Bizarre Borders - Taiwan

Samanyu Ram

December 2, 2022

China and Taiwan have one of the most well-known controversies in modern times. Their ongoing saga of battles has perpetuated through the 20th and 21st centuries. This edition of Bizarre Borders takes a trip over to East Asia and analyzes the controversial plot known as Taiwan. I will not go too in-depth with the analysis of the Taiwan-China situation, because if I did, we would be stuck here for hours.

Taiwan became independent after the fall of Japan during World War II and became known as the Republic of China in 1945. The Republic of China wasn't fully recognized as sovereign until 1952 under the Treaty of San Francisco. Like many countries,  the ROC dealt with much corruption, inflation, and riots directly after its birth. In 1949, the Republic of China fled to present-day Taiwan because they were losing the Chinese Civil War. 

The Chinese Civil War began during the early 20th century when the previously-exiled Emperor, Sun Yat-sen, established the Kuomintang Party. At the time, China possessed many small military warlord-ruled areas. To defeat this, Sun Yat-sen needed help from outside forces, specifically the newly formed Communist Soviet Union. The condition was that the Kuomintang Party would take the newly established Chinese Communist Party under its wing. Soon, Sun Yat-sen became emperor and unified China. Although, just several years later, in 1925, Sun Yat-Sen died, leading to the collapse of the Kuomintang party. As a result, the Nationalist Party was formed alongside the Chinese Communist Party. The two parties fought for decades, and the CCP, led by Mao Zedong, unofficially won the civil war. The Nationalist Party fled to the island of Taiwan. Mainland China is officially named the People's Republic of China and Taiwan is known as the Republic of China.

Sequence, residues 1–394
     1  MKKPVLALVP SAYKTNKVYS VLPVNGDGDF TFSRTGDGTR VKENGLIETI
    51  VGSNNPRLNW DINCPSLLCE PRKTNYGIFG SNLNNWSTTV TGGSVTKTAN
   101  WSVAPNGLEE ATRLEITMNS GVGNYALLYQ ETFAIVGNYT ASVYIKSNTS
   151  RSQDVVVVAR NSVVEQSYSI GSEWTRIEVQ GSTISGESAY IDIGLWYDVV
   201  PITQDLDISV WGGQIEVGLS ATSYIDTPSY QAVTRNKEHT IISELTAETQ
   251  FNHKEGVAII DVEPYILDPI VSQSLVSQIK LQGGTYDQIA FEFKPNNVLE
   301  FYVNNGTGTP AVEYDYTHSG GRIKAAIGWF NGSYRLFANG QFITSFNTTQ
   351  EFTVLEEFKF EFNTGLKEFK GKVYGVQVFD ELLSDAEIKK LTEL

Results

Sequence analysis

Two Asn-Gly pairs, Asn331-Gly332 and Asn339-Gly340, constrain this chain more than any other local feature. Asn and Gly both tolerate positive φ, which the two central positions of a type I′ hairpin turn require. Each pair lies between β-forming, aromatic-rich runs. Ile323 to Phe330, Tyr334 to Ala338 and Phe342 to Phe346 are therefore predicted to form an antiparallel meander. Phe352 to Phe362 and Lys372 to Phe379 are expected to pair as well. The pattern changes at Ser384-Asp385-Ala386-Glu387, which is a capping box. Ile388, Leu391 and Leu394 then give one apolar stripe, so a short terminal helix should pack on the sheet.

Over the next few decades, many countries began to assume and think of the People's Republic of China as the legitimate government of China. This solidified in 1971, the United Nations claimed that the ROC was the government of China. The resolution replaced the ROC with the PRC as a permanent member of the Security Council in the United Nations. Although Taiwan is not officially recognized by many other United Nations members, it still harbors many international embassies in its capital Taipei. To this day, Taiwan is not its own country, but it sure as hell has all of the features to make a decent and tantalizingly definitive argument.